The stand she took over the hijab ban in basketball earned her the Rising Star in Sports trophy at the British Muslim Awards, the Women Of The Future judges high commendation in the Sport category, and The Muslim News Faezeh Hashemi Award for Excellence in Sport.

Such accolades reflect how life-changing a legacy it is for those coming behind her now. They will, she says, “see women who look like them, that they can relate to”, who have overcome the same struggles with family and community that they themselves are facing.

At the same time, she does not want “hijabi” used as a label for her activism, preferring to be thought of as a pro-choice advocate. “I don't want to be a hijabi basketball player,” Elbadawi continues on the theme, “I just want to be a basketball player. I don't want to be a hijabi poet, I want to be a poet."

Her intention is not to undermine what she did, but “I’m so much more than just that. I want to do more. I don’t want to stop at that. To me, maybe expressing mental health is far more important at this point, or what it means to be a black Muslim woman.”

Which is where the performance poetry comes in. Through it, Elbadawi processes things like her complex relationship with her own femininity, the unrealistic ideals of beauty that she felt were being imposed by society, and the eating disorder that makes it difficult for her to enjoy Ramadan.

As a pupil, she disliked writing, born of a fear of the teacher's red marking pen. She had a terror of being asked to go to the blackboard in case anyone laughed at the letters she invariably produced in the wrong order, the consequence of her undiagnosed dyslexia.

Poetry’s lack of rules and structure have provided her with an emotional outlet by setting her expression free. As Elbadawi puts it, she found her voice through words she couldn’t spell. She now views her dyslexia for what it is: infinitely less important than her strengths in comprehension and verbal communication.

The journey in self-healing has been a long one, and she concedes that she has a way to go yet. But she has overcome low self-esteem and self-consciousness, recognised that strength does not necessarily come from masculinity and that she can be feminine without obsessing about body image. Elbadawi has also accepted herself as Sudanese and "found my space in the world". She has even learnt to love her curly hair. However, she reflects that the process started well before the performance poetry, many years back when she began standing up for herself at a young age and refused to conform.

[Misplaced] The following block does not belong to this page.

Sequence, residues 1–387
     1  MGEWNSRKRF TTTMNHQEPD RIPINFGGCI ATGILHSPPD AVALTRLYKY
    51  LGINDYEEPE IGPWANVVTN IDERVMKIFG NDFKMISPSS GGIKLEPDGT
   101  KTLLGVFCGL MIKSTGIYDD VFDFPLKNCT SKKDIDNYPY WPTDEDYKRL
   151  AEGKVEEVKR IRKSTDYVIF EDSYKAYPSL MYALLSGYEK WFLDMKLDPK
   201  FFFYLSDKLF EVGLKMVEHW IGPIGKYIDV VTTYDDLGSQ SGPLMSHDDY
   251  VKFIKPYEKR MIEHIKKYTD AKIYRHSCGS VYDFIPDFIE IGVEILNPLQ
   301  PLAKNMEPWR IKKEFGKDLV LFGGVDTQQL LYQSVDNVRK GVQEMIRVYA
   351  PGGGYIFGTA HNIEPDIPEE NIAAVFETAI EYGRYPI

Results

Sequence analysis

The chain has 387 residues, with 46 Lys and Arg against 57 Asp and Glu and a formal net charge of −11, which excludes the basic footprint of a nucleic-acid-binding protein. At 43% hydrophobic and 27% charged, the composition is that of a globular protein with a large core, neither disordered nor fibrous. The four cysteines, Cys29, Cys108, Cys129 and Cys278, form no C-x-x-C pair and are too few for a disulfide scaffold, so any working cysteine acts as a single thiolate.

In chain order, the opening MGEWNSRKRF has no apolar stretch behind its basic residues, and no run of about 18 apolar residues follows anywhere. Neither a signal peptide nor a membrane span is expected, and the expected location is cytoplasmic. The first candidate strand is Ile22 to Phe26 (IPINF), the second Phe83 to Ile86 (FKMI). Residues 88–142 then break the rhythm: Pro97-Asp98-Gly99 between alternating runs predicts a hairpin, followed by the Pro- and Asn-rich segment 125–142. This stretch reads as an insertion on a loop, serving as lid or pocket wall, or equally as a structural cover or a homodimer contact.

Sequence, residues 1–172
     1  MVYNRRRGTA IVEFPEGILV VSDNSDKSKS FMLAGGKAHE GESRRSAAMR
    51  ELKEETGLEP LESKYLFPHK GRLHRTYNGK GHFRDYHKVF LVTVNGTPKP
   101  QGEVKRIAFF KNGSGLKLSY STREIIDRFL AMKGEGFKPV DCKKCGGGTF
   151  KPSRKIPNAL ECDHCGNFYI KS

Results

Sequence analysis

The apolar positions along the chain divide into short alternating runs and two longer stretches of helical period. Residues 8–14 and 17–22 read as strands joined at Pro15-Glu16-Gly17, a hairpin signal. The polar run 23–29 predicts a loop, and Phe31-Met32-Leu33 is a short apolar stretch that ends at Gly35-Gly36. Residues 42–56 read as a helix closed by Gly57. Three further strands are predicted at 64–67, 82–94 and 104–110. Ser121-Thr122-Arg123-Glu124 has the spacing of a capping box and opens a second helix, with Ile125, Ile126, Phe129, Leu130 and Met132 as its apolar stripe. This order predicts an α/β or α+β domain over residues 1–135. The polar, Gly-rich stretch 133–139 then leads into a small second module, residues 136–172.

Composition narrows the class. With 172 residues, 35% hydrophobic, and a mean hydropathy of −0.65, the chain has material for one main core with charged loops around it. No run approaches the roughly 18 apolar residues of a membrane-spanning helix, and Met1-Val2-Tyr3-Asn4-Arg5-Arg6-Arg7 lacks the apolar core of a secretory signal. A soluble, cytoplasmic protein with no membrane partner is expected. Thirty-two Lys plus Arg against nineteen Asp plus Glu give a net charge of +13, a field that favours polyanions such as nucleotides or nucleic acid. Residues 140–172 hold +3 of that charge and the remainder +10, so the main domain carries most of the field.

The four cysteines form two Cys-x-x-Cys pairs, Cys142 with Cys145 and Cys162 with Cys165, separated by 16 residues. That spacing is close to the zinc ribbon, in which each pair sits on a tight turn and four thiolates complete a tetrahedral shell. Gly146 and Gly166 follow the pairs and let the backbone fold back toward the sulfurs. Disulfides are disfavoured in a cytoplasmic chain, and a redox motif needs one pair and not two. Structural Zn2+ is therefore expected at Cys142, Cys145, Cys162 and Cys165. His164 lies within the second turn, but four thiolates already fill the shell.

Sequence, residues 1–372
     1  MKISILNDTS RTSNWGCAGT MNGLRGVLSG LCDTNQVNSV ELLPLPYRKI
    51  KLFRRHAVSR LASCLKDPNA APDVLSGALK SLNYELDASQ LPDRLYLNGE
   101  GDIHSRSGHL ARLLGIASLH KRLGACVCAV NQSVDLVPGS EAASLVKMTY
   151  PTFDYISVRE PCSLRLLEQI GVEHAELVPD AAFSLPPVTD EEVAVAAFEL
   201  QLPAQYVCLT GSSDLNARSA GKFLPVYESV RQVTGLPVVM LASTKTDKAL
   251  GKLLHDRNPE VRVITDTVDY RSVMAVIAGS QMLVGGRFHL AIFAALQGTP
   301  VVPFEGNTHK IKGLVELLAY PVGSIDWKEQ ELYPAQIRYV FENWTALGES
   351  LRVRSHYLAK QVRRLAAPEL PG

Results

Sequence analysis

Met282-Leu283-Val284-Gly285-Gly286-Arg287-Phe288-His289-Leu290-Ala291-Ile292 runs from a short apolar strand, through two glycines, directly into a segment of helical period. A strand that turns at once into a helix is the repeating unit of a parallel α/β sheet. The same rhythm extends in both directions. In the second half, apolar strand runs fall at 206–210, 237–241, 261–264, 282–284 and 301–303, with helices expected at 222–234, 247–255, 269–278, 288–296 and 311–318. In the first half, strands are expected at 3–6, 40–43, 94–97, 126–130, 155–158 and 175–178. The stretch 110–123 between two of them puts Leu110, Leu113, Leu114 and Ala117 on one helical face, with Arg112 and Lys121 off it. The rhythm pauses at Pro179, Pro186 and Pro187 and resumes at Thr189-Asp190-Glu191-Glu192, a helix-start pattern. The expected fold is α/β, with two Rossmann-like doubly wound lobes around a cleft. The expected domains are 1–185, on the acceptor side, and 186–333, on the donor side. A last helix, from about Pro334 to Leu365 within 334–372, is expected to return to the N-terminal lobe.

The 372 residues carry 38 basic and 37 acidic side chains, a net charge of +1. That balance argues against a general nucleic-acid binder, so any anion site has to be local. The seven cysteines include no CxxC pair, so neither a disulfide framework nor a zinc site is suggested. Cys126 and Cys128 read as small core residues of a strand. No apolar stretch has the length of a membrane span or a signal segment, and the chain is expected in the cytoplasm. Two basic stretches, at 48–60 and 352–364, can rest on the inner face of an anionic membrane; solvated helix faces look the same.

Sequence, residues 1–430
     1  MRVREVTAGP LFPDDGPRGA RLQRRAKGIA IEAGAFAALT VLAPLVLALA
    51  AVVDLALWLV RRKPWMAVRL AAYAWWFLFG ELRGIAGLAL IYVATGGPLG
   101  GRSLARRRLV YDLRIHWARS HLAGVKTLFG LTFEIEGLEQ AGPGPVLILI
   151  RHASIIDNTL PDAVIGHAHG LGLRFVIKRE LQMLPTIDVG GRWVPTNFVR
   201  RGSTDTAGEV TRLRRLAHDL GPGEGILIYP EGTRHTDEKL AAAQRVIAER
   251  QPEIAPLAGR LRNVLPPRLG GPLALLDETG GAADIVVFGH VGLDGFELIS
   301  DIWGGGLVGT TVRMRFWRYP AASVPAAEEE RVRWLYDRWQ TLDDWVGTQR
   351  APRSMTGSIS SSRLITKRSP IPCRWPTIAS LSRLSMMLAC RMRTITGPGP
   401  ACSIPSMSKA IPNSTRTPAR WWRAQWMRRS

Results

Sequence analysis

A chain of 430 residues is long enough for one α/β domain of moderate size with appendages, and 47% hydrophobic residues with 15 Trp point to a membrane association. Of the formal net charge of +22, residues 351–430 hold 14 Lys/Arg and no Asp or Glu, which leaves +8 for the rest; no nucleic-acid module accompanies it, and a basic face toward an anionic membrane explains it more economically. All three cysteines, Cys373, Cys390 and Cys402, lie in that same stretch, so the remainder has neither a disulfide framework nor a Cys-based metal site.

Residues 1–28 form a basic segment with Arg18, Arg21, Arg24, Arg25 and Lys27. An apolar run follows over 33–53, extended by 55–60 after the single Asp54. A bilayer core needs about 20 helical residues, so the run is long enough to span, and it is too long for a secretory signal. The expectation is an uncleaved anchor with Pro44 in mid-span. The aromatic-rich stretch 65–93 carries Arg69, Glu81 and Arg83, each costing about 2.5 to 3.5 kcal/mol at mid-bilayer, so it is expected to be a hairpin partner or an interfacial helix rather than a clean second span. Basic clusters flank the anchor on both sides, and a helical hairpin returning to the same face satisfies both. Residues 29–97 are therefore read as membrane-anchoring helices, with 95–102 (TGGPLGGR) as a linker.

NEW YORK - FEBRUARY 24: (L-R) Rapper Mos Def, musician Alicia Keys, producer Russell Simmons, and musician John Legend pose for a photo during rehearsals for HBO and Russell Simmons' "Def Poetry Jam" on February 24, 2005 in New York City.  (Photo by Scott Gries/Getty Images)

Perhaps the two are inextricably linked. As a girl, she would watch Def Poetry Jam, the spoken word television series on HBO, featuring performers such as the singer-songwriter Alicia Keys who went on to become household names.

“I felt their prose was so powerful,” she says. “Because they weren't just saying words, they were talking about social issues and personal issues, and how to change the world and minds, but in such a beautiful way.

"So I always had that in the back of my mind as something I want to be one day. Like I want to change something in the world.”

Elbadawi had been performing more and more, until the lockdown restrictions of the coronavirus pandemic gave her cause to have a rethink.

The result arrived in the mail at the end of last year, the most exciting package she had ever received. Inside the brown envelope was her own copy of “Belongings”, the book of poetry she never thought she could write.

'Belongings', a new collection of poetry by Asma Elbadawi, with cover art by Belal Abdelrahman. Courtesy Verve Poetry Press

With a beautiful cover illustration by Belal Abdelrahman, the homage to Elbadawi’s Sudanese roots and to the family that allowed her to be "whoever I wanted to be" is due for release on February 11.

It is the latest in a long line of surprising accomplishments that she says were once unachievable in her mind, from becoming “Queen of the ball”, coach, mentor and Global Brand Ambassador for Adidas to winning Radio 1xtra’s Word First competition in Leeds and giving a TEDx Talk.

“Not because I wasn’t capable of it but those things don’t happen to people who look like me,” she explains, “who grew up in an area like me, that have a name like mine.”

They do for the likes of Asma Elbadawi who, in refusing to allow others to change them, choose instead to be the change.

* 'Belongings', written by Asma Elbadawi and with cover illustration by Belal Abdelrahman, is available from vervepoetrypress.com for £9.99 from February 11.